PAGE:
Skagway, Alaska — Northwest
Skagway and White Pass
Erected 1964 by U.S. Department of the Interior, National Park Service.
Topics and series. This historical marker is listed in these topic lists: Notable Places • Railroads & Streetcars. In addition, it is included in the National Historic Landmarks series list.
Location. 59° 27.183′ N, 135° 19.161′ W. Marker is in Skagway, Alaska. Marker can be reached from 2nd Street. Marker is in the Klondike Gold Rush National Historic District. Touch for map. Marker is at or near this postal address: 291 2nd Street, Skagway AK 99840, United States of America. Touch for directions.
Other nearby markers. At least 8 other markers are within walking distance of this marker. Skagway Centennial Statue (a few steps from this marker); Three Thousand Pack Animals (a few steps from this marker); Inspector Charles Constantine (within shouting distance of this marker); Jeff. Smith’s Parlor (about 400 feet away, measured in a direct line); Fatal Duel (about 500 feet away); Arctic Brotherhood Camp Skagway (about 500 feet away); Captain William Moore (approx. ¼ mile away); Skagway's Historic Waterfront (approx. ¼ mile away). Touch for a list and map of all markers in Skagway.
Regarding Skagway and White Pass. In 1896, gold was found in the Klondike region of Canada's Yukon Territory. Beginning in the summer of 1897, thousands of hopeful miners poured into the new town and prepared for the 500-mile journey to the gold fields in Canada. This journey began for many when they climbed the mountains over the White Pass above Skagway and onward across the Canadian border to Lake Bennett, or one of its neighboring lakes, where they built barges and floated down the Yukon River to the gold fields around Dawson City.
Related markers. Click here for a list of markers that are related to this marker. To better understand the relationship, study each marker in the order shown.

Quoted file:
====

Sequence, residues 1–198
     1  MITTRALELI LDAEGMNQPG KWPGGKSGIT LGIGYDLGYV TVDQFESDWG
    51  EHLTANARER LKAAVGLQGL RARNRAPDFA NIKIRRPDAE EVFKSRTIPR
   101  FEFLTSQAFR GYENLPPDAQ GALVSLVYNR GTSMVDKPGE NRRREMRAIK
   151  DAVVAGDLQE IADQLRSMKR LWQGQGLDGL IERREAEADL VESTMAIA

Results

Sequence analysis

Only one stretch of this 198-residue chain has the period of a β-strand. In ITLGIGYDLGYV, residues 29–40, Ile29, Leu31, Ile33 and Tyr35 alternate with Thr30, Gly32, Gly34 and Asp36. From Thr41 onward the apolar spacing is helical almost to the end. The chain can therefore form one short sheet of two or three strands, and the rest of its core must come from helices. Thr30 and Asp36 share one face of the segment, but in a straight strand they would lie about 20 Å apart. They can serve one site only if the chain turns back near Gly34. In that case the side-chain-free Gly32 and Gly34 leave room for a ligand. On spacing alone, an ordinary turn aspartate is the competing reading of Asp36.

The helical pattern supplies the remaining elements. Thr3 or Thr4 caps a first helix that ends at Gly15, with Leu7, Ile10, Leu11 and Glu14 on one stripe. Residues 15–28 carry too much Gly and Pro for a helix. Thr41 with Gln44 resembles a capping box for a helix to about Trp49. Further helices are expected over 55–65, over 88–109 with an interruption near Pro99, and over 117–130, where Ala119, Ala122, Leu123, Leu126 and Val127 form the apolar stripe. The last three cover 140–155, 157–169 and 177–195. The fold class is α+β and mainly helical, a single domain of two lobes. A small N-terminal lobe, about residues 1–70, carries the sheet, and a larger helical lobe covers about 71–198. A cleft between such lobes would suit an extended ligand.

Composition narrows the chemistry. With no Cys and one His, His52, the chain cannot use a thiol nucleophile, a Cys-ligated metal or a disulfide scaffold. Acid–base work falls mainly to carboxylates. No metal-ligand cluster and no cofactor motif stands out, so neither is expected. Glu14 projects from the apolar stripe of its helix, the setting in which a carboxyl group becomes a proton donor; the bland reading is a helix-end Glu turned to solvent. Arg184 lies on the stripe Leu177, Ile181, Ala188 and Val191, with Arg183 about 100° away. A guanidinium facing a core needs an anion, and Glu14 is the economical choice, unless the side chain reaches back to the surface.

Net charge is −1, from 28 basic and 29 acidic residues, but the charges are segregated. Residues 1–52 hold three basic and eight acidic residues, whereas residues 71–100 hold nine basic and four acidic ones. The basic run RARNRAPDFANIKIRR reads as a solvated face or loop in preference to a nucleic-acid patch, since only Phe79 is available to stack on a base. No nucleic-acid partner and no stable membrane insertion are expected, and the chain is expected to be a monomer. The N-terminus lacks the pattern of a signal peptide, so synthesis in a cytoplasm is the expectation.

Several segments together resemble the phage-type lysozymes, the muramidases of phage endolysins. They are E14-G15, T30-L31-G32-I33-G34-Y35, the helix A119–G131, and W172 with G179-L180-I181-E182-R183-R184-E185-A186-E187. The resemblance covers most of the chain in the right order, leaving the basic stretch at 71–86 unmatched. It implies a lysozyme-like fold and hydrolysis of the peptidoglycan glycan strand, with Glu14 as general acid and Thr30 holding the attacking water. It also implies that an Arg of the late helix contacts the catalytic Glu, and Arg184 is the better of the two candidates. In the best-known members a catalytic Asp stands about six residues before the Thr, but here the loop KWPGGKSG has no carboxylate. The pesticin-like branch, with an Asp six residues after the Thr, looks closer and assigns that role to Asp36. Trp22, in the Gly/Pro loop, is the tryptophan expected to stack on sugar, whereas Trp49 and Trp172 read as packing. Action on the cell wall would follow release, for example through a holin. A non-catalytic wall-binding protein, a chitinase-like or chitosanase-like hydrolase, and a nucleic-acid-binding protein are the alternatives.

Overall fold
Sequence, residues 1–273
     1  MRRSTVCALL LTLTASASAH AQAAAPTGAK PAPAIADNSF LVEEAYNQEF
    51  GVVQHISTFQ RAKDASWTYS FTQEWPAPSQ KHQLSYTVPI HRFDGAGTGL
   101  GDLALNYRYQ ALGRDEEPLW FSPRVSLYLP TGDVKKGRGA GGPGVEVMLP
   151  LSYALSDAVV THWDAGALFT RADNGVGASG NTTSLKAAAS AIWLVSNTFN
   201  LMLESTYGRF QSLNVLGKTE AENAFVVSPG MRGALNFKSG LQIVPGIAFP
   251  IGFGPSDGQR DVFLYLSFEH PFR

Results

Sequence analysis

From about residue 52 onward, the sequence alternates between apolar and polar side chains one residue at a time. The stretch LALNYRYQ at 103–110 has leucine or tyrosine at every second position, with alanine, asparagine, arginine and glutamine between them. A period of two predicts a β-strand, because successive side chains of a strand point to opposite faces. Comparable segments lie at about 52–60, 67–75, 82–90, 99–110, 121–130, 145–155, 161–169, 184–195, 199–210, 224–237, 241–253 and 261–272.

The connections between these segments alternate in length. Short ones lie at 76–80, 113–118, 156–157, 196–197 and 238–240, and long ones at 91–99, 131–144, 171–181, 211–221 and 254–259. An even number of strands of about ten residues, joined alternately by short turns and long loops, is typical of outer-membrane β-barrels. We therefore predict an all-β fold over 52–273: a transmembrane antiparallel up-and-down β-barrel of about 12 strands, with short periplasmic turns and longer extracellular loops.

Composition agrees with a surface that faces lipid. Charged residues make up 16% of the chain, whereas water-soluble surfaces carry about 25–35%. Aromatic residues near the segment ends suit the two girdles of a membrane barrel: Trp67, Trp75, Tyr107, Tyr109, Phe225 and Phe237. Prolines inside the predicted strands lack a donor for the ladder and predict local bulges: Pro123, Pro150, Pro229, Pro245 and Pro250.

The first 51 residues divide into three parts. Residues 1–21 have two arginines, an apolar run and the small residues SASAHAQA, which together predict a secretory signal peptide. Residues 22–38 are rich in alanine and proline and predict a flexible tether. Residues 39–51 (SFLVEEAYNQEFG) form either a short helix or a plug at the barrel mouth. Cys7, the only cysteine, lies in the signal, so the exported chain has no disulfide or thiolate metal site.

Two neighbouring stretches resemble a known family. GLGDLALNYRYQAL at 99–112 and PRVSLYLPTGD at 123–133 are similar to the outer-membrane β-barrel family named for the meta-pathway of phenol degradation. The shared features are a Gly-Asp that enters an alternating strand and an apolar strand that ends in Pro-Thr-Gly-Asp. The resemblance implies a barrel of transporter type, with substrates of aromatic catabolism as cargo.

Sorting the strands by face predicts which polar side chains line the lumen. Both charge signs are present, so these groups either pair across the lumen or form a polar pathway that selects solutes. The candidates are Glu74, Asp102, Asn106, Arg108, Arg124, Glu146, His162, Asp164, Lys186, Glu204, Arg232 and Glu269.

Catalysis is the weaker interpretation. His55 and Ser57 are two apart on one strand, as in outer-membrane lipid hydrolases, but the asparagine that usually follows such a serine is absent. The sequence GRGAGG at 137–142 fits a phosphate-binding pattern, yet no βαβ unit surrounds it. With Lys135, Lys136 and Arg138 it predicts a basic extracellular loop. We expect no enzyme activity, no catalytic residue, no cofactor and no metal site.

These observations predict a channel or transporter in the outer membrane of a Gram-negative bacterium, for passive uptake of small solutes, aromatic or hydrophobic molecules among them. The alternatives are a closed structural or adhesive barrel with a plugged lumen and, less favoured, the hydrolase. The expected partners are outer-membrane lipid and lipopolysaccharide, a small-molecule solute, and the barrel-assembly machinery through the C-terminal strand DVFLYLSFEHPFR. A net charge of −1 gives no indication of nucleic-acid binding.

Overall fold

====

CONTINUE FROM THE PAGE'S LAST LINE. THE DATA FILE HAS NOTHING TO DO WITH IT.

Also see . . .
1. National Park Service website for the Klondike Gold Rush. Skagway, is (Submitted on January 29, 2008, by Mike Stroud of Bluffton, South Carolina.)
2. Wikipedia entry for Skagway, Alaska. Skagway has a historic district of about 100 buildings from the gold rush era. It receives about three-quarters of a million tourists annually, most of whom come on cruise ships. The White Pass and Yukon Route still operates its narrow gauge train around Skagway during the summer months primarily for tourists. (Submitted on January 29, 2008, by Mike Stroud of Bluffton, South Carolina.)
3. Municipality of Skagway. Skagway was known as the "Gateway to the Klondike." (Submitted on January 29, 2008, by Mike Stroud of Bluffton, South Carolina.)
1. Skagway, Alaska and Harpers Ferry, West Virginia
Both share the distinction of the entire town being Historic Towns.
— Submitted January 29, 2008, by Mike Stroud of Bluffton, South Carolina.
Additional keywords. Klondike Gold Rush National Historic District;
Credits. This page was last revised on July 30, 2018. It was originally submitted on January 29, 2008, by Mike Stroud of Bluffton, South Carolina. This page has been viewed 3,076 times since then and 6 times this year. Last updated on April 5, 2014, by Barry Swackhamer of Brentwood, California. Photos: 1, 2, 3, 4, 5, 6, 7. submitted on January 29, 2008, by Mike Stroud of Bluffton, South Carolina. 8, 9, 10, 11. submitted on August 3, 2009, by Mike Stroud of Bluffton, South Carolina. 12. submitted on October 9, 2013, by Richard E. Miller of Oxon Hill, Maryland. 13. submitted on October 8, 2013, by Richard E. Miller of Oxon Hill, Maryland. 14, 15. submitted on October 9, 2013, by Richard E. Miller of Oxon Hill, Maryland. 16. submitted on October 10, 2013, by Richard E. Miller of Oxon Hill, Maryland. • Syd Whittle was the editor who published this page.